With 40 years of experience working for several Fortune 500 manufacturing companies in New York and Connecticut and his teaching experience, Joe DeFeo felt he was a good fit for a new Advanced Manufacturing Technology program at NVCC. Six years later, DeFeo, who is Program Director for NVCC’s Advanced Manufacturing Technology Center, was able to grow a program that began with two cohorts of 57 students, no reputation, and only a handful of industry partnerships into one of the State’s most successful manufacturing programs, one that today boasts a 100% placement rate and has helped hundreds of students, young and old, the chance to join an industry that currently has more job openings available than the skilled workforce it requires to sustain itself.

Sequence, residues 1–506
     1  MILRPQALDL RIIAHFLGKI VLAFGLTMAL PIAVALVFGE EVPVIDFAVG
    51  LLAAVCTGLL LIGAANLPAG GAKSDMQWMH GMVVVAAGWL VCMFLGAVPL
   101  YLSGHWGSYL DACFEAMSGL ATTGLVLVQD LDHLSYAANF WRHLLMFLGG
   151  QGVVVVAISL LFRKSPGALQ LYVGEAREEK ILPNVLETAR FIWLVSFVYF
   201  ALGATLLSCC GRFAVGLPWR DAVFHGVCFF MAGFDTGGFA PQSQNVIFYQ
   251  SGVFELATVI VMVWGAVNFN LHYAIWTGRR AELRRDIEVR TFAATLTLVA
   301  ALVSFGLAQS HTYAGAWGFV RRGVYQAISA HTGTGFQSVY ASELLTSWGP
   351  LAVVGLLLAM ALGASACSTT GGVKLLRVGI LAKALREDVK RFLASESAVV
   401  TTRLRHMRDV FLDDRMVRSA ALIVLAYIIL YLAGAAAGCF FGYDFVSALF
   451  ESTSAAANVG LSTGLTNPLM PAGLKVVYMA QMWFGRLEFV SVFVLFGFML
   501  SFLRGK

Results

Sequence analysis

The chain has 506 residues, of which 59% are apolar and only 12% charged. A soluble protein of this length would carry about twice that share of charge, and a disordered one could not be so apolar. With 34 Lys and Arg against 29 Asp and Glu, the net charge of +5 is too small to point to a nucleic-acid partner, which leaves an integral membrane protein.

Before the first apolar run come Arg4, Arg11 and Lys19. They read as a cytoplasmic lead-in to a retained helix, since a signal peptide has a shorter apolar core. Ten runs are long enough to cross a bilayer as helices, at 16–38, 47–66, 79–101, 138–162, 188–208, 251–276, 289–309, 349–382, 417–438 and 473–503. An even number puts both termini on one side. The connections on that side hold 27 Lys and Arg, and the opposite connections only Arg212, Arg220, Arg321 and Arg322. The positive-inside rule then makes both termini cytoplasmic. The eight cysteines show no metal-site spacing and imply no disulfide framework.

Since its inception in August, 2012, NVCC’s Advanced Manufacturing Machine Technology (AMTC) certificate program has graduated nearly 300 students and has more than 200 industry partners within the Greater Waterbury and Danbury areas, and the northwest corridor of the state. Students in the AMTC program earn the right to go on a paid internship. This is based on academic performance as well as demonstrating the soft skills needed to be a successful employee. The internship is a two-day-a-week position in a company of their choosing. Time is taken create a mutually-beneficial placement, ensuring the skills the student possesses and the companies’ needs match. The current internship placement rate in NVCC’s program is 100%. The rate at which students who gain full-time employment directly from their internships is 85%. These figures differ because, sometimes, students opt to work for a different company upon receiving their certificate, or the company where a student is placed does not have full-time positions available. NVCC faculty and staff work to help each student in the program get placed according to their needs and skillset upon program completion. While attending training, students also get the opportunity to obtain National Institute for Metal working Skills (NIMS) credentials. NIMS, is a nationally-recognized certification that proves the student knows their stuff. NIMS credentials help differentiate students as potential employees by adding value in the eyes of prospective employers. To date, more than 500 NIMS certificates have been issued to AMTC students from NVCC’s Waterbury and Danbury certificate programs.